12. I guess this is partly aimed at people who pre-order, to bulk up the pre-order numbers for some of these?  Because otherwise the 3 months-in-advance announcement is a little silly.  Though maybe this is something we’ll be seeing more ads for as the date approaches.  But yeah, I definitely agree with Josh, they’re either trying to get existing customers to bulk up their pull lists or shift their priorities.  I guess it can’t hurt, though it seems like maybe using some kind of ‘new arc’ code on covers on a regular basis might accomplish the same thing on a larger scale. 

  13. I guess as long as the creative teams are the same as the main books, I’ll be picking them up. So these are just one shots with wacky numbering? I’m very confused by how this works and very curious to see how it plays out.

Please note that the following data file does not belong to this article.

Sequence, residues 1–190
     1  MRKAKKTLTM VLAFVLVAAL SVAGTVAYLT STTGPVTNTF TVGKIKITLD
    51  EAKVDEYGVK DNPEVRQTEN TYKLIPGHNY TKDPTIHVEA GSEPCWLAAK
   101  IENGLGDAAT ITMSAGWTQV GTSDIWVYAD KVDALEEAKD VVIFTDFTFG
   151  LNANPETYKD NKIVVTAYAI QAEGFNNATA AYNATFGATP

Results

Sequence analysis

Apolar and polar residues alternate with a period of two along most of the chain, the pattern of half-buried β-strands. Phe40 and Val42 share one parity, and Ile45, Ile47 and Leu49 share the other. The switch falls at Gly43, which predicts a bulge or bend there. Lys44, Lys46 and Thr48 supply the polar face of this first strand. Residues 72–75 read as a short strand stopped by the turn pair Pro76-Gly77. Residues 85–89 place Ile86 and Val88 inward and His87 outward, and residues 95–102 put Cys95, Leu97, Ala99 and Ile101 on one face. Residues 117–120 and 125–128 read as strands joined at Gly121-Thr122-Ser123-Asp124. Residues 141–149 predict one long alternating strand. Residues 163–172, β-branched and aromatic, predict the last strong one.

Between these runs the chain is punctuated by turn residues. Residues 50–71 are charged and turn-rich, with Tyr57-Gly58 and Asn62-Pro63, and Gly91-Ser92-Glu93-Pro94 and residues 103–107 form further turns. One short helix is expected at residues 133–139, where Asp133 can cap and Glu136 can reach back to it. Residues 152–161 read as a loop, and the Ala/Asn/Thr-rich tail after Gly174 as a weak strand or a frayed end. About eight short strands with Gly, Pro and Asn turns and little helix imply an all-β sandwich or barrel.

14. This is……..stupid?

    You know what’s a good jumping on point? Buying those $1 reprints that originally started. Those are the things I would recommend to people if they want to get into comics. Not just another issue of an established arc, which this will totally be. Also it’ll be $2.99……so what would be better? $1 reprints or $2.99 comics with SOME new content? I’d go for the reprints… 

  15. I do like that Marvel is paying attention to the idea of making jumping on points.

    Caroline – I think you’re right about the advance ordering, but as you said, it seems to me that retailers could understand just as well if the solicits says "Jumping on point! New story!" and then, as we’ve said, the cover itself just reflects that for the consumer when it’s on the shelf. 

    Still, if this helps any retailers set aside a batch of comics and display them as "great for new readers!" I suppose that’s still a positive. I mean, really, it’s not like there’s a negative side to this… we all get more content (hopefully from the same creative teams), and the retailers MAY be able to get some new readers. No one’s hurt but the trees. 😉